So what exactly, I ask, as I follow Fox-Penner back up the stairs, is the electric power grid – and is it fraying?
“The grid is the huge mesh of power lines that begin at the power plants, go through high-voltage towers and end in your home and office. In the US there are 225,000 miles of high-voltage and 6m miles of low-voltage lines,” says Fox-Penner. “The US grid is ageing in some places but overall is performing well and expanding significantly. The good news is that much of the grid expansion is to accommodate renewable energy like wind farms. That’s also true in Europe as well as Brazil and India. Wind installations for the grid grew almost 50 per cent in China last year although coal installations also grew.”
Isn’t the grid vulnerable to attacks? “Cyberattacks and hackers are a constant threat but cybersecurity is finally getting some attention,” he says. “Protective measures are being developed. But it’s too early to say that the problem is solved.”
Out in the garden, yard-work has turned up shards of civil war-era pottery and pieces of coal. Fox-Penner reflects on the irony of trying to envision a high-tech, low-carbon future from a house that originally burned coal for heat. “Obviously, coal is still being used globally for the grid. We have to learn how to clean it up or eventually phase it out.” Still, despite looming threats from rising carbon dioxide emissions, Fox-Penner is hopeful the grid can be modernised in time.
“Overall, the expansion of the grid is going in the right direction. The question is, can we adopt low-carbon energy sources fast enough to meet the threat of climate change?”
In the Fox Den, the veteran of Democratic conventions, who was also co-founder of the political action group Environment 2004 and played an active role in the last US presidential campaign, displays his impressive collection of political stickers and badges. So does it matter to the future of the grid who gets elected next? And hasn’t the Obama administration, from failure on the Copenhagen agreement to delay of stronger smog standards, disappointed the environmentalists who helped the president get elected?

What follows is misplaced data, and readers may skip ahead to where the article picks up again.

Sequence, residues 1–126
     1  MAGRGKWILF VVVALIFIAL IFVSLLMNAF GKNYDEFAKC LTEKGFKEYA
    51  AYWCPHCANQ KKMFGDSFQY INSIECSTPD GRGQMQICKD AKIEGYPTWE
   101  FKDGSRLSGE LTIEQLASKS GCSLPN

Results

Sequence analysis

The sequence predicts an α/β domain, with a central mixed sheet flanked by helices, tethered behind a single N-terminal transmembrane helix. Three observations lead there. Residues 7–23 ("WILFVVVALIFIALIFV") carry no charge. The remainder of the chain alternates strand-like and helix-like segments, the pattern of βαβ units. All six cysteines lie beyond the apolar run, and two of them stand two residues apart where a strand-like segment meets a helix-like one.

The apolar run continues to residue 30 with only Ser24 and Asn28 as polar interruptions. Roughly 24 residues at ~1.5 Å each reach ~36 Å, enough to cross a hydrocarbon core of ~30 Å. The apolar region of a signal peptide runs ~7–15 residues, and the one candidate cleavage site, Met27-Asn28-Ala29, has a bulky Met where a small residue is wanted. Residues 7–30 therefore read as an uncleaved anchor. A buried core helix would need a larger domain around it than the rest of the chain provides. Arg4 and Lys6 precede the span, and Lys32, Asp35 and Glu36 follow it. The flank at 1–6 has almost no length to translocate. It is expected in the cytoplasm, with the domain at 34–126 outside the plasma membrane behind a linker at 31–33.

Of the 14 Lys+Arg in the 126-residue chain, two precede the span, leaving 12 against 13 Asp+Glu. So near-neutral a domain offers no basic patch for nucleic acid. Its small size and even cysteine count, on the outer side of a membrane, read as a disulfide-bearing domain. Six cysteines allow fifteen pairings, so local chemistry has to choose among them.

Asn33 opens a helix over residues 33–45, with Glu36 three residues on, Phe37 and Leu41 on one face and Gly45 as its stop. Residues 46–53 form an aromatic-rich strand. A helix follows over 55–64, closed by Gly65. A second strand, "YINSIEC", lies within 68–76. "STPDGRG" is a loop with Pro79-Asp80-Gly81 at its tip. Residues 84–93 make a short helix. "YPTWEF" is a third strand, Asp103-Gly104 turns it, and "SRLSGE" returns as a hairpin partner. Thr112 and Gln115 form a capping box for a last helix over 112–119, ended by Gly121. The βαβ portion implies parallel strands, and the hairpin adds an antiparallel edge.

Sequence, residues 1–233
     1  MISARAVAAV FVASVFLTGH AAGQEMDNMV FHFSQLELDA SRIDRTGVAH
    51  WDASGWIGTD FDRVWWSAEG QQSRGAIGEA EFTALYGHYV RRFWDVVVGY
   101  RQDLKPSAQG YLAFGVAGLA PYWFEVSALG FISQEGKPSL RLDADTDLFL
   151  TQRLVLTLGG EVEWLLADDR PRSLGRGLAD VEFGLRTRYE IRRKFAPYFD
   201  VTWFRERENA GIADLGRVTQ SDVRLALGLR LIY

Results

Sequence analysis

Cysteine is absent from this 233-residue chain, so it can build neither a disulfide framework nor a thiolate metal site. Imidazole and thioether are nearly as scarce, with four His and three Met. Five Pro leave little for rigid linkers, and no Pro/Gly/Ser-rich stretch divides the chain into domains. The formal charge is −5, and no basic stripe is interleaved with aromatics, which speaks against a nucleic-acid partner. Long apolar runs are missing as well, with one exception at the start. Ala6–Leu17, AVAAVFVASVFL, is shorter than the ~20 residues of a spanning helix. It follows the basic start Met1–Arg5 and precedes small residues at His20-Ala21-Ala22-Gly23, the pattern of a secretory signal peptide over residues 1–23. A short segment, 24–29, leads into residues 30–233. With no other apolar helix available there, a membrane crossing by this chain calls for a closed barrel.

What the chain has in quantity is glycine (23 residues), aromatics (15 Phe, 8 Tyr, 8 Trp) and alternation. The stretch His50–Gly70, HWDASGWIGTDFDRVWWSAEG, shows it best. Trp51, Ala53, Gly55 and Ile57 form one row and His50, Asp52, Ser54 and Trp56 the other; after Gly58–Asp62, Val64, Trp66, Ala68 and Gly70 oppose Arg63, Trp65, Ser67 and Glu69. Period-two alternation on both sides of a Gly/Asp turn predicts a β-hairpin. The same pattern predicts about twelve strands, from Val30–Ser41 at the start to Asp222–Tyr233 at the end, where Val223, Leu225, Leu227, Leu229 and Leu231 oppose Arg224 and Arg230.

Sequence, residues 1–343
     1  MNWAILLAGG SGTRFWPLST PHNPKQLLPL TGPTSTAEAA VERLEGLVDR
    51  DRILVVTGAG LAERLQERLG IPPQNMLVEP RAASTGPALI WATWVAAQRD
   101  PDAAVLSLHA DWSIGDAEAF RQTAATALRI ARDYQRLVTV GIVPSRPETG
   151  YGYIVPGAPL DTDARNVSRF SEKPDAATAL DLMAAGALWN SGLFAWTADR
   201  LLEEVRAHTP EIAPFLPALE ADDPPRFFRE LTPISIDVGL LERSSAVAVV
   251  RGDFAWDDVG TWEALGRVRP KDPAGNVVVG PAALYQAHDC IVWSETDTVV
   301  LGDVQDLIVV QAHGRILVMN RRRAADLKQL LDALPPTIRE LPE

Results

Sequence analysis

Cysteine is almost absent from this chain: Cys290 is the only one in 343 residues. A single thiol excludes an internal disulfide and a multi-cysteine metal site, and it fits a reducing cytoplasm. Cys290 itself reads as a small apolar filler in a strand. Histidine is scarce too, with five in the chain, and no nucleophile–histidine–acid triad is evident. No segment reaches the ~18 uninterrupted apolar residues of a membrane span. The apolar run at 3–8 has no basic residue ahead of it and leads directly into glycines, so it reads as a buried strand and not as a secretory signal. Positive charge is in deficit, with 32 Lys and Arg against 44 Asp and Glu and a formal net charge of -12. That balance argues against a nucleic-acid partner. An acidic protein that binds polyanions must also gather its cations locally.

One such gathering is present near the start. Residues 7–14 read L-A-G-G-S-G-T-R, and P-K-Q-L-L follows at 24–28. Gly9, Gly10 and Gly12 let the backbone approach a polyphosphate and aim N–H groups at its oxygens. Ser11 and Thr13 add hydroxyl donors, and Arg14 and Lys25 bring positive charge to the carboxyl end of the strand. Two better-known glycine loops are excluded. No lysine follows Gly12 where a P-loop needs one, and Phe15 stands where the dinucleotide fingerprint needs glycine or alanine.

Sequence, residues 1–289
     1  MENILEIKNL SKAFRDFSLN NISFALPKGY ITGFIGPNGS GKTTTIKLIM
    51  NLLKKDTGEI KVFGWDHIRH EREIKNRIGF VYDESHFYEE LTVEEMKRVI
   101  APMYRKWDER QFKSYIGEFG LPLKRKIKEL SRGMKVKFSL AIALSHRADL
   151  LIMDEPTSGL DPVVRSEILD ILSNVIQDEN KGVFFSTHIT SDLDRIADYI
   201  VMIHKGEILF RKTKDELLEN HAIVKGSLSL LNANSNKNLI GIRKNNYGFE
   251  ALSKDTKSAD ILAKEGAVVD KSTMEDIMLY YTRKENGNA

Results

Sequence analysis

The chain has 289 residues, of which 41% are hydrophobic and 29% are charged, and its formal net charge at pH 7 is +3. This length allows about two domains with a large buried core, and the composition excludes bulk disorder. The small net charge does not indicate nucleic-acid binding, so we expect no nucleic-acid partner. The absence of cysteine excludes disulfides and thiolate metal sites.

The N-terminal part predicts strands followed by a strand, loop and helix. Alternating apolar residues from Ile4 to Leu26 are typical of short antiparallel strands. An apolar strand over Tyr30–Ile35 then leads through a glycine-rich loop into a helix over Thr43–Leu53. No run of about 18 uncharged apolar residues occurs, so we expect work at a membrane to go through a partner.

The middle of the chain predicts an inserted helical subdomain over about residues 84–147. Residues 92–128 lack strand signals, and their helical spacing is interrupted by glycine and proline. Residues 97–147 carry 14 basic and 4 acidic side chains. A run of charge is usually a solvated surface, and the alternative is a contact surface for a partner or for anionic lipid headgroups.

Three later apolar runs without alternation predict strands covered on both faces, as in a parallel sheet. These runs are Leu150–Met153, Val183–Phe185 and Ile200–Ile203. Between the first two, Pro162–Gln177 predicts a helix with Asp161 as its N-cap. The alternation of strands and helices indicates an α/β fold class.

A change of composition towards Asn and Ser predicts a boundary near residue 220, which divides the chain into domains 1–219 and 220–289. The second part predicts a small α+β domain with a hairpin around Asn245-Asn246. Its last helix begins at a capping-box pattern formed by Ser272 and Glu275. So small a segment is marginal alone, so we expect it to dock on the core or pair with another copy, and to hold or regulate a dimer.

“In the grid sector, Obama has actually accomplished a lot. The Department of the Interior, usually very slow, has given out permits for 6,000 megawatts of renewable-sourced power on federal land, up from virtually nothing. That’s the equivalent of six giant nuclear power plants. The Republican candidates are vowing to reduce support for renewable energy and roll back EPA regulations. The difference is pretty dramatic.”
Leaving the Fox Den, Fox-Penner stops to inspect a delivery of solar panels. “I was testing them out but the spot was too shady. I’m trying to find a sunny spot. I’m thinking of the other part of the house. I have to remind myself that the bulkheads of houses from this era were once coal chutes. Now we’re putting solar panels on the roof. It’s a bellwether of the future.”
“One key to good energy policy is efficiency. My other favourite thing is a gadget that you can use from your computer or iPhone wirelessly, that tells you what you’re using and how much it costs. You can be halfway across the world and turn down your thermostat. This is a starter technology kit you can buy online; a do-it-yourself version of the smart grid that will eventually let all consumers respond to prices and control energy use. All intelligence in this gadget will be built into the grid. Across the world, we’re in transition to a smarter, greener power grid.”